Use this URL to cite or link to this record in EThOS: http://ethos.bl.uk/OrderDetails.do?uin=uk.bl.ethos.577882
Title: How consumers judge brands endorsed by corporations : a process-based explanation
Author: Ibraheem, Khaled Assad
Awarding Body: Brunel University
Current Institution: Brunel University
Date of Award: 2012
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Abstract:
Corporations follow different strategies to leverage their existing brands. One of these is brand extension, which is the extension of an existing brand to a new product category. In this strategy, corporations have two alternatives, one of which is the family brand extension. Here, the new product is introduced under the corporate name along with the extension’s category name (e.g. Sony mobile, Nestlé mineral water, and Gillette shampoo). The second alternative is the brand endorsement. In this alternative, the extension is given a new name. Moreover, the corporation’s name is presented as the endorser in the extension brand structure and communications (e.g. Scandic by Hiliton, Courtyard by Marriott). However, the focus will be on the extension brand name, rather than the corporate name. The endorser’s main role is to provide credibility and substance to the endorsed brand, while maintaining the endorsed brand’s freedom to establish its unique associations and personality. It is well-known that, in the family brand extension, the perceived fit between the parent brand and the extension product category moderates consumers’ judgement of the extension (i.e. the new product which is introduced under the parent name). However, widely-diversified corporations (e.g. Nestlé, Unilever) often endorse their products to leverage their corporate credibility. The proliferation of using a corporate name to endorse products in the case of corporations with diversified product portfolios puts the importance of the fit on the corporate endorser, and the endorsed product brand under scrutiny. Specifically, it raises the following questions: to what extent is the perceived fit between the corporate brand endorser and the endorsed brand really important in an endorsement context? What is the relative importance of fit and endorser credibility in an endorsement context, and why? In the current research, it is proposed that both corporate credibility and fit affect consumers’ judgement in an endorsement context. However, the endorser credibility is more important. It is also proposed that corporate credibility is more important than fit because it is more diagnostic, which makes the endorser credibility more recallable for the consumer. The current research results have shown that, when consumers can easily recall information related to the endorser credibility and the fit between the endorser and the endorsed brand, both endorser credibility and fit has an effect on the endorsed brand. However, endorser credibility has a stronger effect on the endorsed brand judgement than fit. Moreover, the results have shown that fit moderates the effect of corporate credibility only when the endorser credibility is high. When consumers have difficulty recalling information, fit does not moderate the effect of the endorser credibility on the endorsed brand. The current research findings have been obtained by conducting two experiments. In Experiment One, corporate credibility and perceived fit were manipulated in an endorsement context. Consumer judgement of the endorsed brand was measured by the perceived quality and purchase intention. Experiment Two was conducted to study the impact of the information accessibility on the effect of the endorser credibility and fit on the endorsed brand judgement. Endorser credibility, fit and information accessibility were manipulated in an endorsement context. Perceived quality and purchase intention of the endorsed brand were also used to measure the consumers’ judgement of the endorsed brand.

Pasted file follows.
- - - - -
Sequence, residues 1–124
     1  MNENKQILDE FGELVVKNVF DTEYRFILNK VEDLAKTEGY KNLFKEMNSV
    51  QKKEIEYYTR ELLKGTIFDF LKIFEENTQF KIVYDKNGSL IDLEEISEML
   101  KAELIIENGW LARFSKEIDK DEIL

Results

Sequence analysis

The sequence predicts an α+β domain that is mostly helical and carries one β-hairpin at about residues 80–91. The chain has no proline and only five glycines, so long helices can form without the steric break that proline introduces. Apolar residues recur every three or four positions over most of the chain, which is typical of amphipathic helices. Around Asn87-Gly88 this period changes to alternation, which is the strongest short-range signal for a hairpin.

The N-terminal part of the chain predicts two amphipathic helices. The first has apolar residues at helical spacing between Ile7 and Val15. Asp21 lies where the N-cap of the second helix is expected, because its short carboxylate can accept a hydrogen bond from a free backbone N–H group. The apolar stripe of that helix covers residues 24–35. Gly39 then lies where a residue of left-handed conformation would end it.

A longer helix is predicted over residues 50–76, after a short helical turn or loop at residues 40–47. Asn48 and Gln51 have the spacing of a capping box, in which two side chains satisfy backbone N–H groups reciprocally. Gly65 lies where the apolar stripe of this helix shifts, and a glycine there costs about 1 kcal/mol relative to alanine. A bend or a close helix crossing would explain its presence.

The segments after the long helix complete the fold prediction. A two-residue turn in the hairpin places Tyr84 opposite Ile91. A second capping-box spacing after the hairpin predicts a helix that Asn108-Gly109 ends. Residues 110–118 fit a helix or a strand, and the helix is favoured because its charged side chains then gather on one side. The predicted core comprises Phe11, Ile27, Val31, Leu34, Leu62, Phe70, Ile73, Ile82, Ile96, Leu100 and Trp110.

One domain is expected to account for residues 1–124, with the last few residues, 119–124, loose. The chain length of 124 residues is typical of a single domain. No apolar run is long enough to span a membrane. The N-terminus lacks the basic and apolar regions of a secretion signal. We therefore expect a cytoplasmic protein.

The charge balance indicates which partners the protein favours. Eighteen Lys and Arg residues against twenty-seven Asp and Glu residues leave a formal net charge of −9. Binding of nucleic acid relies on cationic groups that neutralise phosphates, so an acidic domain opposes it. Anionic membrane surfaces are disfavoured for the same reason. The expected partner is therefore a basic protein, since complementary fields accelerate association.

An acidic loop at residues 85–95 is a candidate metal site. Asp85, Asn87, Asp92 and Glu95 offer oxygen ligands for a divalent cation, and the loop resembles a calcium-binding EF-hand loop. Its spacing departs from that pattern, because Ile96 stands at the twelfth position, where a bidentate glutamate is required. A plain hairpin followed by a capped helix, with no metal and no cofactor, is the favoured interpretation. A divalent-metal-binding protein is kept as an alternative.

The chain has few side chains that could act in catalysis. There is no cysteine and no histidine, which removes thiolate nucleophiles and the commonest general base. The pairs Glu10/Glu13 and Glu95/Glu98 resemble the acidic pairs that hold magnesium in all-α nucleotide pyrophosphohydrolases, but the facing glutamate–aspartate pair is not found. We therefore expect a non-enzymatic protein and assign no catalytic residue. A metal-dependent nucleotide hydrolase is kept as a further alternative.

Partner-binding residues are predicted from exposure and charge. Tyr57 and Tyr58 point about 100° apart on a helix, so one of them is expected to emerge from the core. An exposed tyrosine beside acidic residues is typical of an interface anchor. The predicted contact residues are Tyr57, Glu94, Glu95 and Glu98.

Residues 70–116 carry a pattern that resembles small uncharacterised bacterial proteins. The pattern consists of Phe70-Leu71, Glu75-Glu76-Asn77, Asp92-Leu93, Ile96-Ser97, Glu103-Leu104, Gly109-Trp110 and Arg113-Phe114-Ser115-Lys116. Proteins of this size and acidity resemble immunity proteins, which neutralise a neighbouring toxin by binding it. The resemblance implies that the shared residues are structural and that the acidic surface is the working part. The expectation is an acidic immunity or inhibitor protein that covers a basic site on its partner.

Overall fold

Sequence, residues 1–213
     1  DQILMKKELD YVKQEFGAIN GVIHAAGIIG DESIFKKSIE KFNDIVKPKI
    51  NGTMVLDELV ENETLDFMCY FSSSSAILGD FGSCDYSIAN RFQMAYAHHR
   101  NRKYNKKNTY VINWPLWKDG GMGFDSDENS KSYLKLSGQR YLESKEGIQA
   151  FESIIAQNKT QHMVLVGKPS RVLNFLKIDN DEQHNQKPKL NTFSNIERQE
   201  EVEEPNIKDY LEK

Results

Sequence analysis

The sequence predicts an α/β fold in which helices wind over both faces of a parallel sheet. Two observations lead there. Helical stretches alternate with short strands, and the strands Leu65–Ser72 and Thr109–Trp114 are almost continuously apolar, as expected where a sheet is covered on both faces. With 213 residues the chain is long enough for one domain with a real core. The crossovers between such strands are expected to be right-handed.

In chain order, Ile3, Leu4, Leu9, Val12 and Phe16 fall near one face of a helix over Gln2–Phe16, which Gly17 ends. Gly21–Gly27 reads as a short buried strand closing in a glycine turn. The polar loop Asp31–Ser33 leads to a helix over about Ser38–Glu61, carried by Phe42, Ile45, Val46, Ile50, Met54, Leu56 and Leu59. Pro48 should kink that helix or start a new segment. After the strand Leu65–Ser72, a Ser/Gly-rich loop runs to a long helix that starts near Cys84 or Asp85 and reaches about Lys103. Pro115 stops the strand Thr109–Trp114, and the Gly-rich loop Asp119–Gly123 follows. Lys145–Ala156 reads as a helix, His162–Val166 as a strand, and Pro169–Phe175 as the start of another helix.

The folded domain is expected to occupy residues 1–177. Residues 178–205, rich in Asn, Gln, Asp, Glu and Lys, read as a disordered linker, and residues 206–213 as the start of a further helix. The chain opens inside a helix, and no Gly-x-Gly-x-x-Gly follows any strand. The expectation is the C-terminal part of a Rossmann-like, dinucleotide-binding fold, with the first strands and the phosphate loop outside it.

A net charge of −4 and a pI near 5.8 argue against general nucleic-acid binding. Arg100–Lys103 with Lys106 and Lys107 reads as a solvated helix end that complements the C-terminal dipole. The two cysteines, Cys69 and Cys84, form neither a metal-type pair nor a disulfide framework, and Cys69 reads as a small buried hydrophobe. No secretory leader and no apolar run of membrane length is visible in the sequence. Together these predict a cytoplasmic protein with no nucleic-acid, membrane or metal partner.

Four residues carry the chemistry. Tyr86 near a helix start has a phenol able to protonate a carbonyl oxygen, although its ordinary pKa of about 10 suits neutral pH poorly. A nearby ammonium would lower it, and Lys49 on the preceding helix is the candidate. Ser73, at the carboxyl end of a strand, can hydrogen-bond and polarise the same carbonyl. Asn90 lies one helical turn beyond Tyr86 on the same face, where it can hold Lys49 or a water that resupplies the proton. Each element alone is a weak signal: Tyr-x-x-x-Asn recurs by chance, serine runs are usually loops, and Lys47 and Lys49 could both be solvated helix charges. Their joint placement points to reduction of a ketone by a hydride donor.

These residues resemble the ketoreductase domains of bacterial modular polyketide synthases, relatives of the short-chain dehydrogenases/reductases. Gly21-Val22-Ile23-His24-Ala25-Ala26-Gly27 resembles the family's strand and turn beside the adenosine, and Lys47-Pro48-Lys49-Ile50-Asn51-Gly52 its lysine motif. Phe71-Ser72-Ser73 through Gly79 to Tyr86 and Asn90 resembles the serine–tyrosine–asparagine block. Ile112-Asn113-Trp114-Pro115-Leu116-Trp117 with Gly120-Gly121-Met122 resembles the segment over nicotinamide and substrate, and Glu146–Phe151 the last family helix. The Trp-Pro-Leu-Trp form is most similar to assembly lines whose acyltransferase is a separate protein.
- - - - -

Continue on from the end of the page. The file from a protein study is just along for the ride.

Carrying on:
Supervisor: Melewar, T. C.; Brakus, J.; King, T.; Yen, D. Sponsor: Not available
Qualification Name: Thesis (Ph.D.) Qualification Level: Doctoral
EThOS ID: uk.bl.ethos.577882  DOI: Not available
Keywords: experiment methodology ; Credibility ; Perceived audity, purchase intention ; Perceived fit ; Accessibility
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